Real-life version of the balloon-floating house from up

national geographic's TV series 'how hard can it be?' launches a small house into flight using only balloons

in a project organized by national geographic, a team of engineers, scientists, and balloon pilots transformed fiction into reality
when they launched a small house into the skies, modeled after the pixar film 'up'.

complete with people onboard, the house was lifted 10,000 feet (3,048 meters) into the air, and flew for about one hour.

the house taking off

from concept to flight, the entire project was realized over the course of two weeks
as a feature for national geographic's new television series 'how hard can it be?'.

the engineers discovered that floating a full-size house is in fact an extremely difficult task.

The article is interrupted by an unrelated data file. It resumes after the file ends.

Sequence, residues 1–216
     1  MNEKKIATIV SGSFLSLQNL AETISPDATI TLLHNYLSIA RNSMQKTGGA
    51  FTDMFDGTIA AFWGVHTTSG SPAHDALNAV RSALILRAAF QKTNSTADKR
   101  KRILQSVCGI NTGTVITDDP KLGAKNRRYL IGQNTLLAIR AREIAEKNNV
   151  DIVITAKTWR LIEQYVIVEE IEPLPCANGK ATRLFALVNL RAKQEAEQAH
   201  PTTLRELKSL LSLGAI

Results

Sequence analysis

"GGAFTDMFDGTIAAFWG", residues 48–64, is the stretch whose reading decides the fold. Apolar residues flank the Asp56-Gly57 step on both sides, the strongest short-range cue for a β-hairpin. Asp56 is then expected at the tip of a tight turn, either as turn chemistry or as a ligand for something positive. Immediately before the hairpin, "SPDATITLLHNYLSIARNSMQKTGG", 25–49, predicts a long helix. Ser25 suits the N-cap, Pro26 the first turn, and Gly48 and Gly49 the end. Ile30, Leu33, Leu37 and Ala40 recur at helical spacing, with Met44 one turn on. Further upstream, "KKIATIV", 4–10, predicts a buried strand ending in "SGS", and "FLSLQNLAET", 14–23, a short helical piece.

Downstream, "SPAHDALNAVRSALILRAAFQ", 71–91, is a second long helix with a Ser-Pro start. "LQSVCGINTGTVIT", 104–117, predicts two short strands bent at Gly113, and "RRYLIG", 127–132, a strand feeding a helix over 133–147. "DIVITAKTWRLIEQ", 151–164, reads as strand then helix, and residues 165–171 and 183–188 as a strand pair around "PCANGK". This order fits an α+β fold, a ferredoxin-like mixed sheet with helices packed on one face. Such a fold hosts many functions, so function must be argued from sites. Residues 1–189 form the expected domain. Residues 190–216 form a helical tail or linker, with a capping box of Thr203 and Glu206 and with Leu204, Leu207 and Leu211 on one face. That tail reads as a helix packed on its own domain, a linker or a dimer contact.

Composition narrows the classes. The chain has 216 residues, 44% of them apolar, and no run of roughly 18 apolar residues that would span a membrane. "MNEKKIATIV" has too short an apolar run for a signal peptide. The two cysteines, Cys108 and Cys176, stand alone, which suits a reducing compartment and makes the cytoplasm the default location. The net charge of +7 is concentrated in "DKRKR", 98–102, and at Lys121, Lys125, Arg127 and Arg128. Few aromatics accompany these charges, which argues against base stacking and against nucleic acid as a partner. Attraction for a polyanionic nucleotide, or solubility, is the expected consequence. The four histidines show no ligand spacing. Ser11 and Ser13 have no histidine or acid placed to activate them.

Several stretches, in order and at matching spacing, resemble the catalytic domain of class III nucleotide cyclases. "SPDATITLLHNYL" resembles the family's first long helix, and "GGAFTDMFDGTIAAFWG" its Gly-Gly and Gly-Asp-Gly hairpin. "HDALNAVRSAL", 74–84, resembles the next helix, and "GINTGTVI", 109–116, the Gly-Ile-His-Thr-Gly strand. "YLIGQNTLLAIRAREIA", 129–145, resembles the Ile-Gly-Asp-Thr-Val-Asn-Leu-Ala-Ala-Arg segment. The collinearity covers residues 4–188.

the structure that they built for the project is 16 feet square, weighing about 2,000 pounds
and carrying about 600 pounds of crew.

each of the three hundred balloons used an entire tank of helium to inflate to eight feet tall.
together the balloons measure over ten stories, realizing a world record for largest cluster balloon flight ever attempted.

the team finished construction on the house and inflated and assembled the balloons overnight

left: view of the balloons above, as seen from within the house
right: three hundred balloons, each measuring 8 feet tall when inflated, were used for the project

process shot

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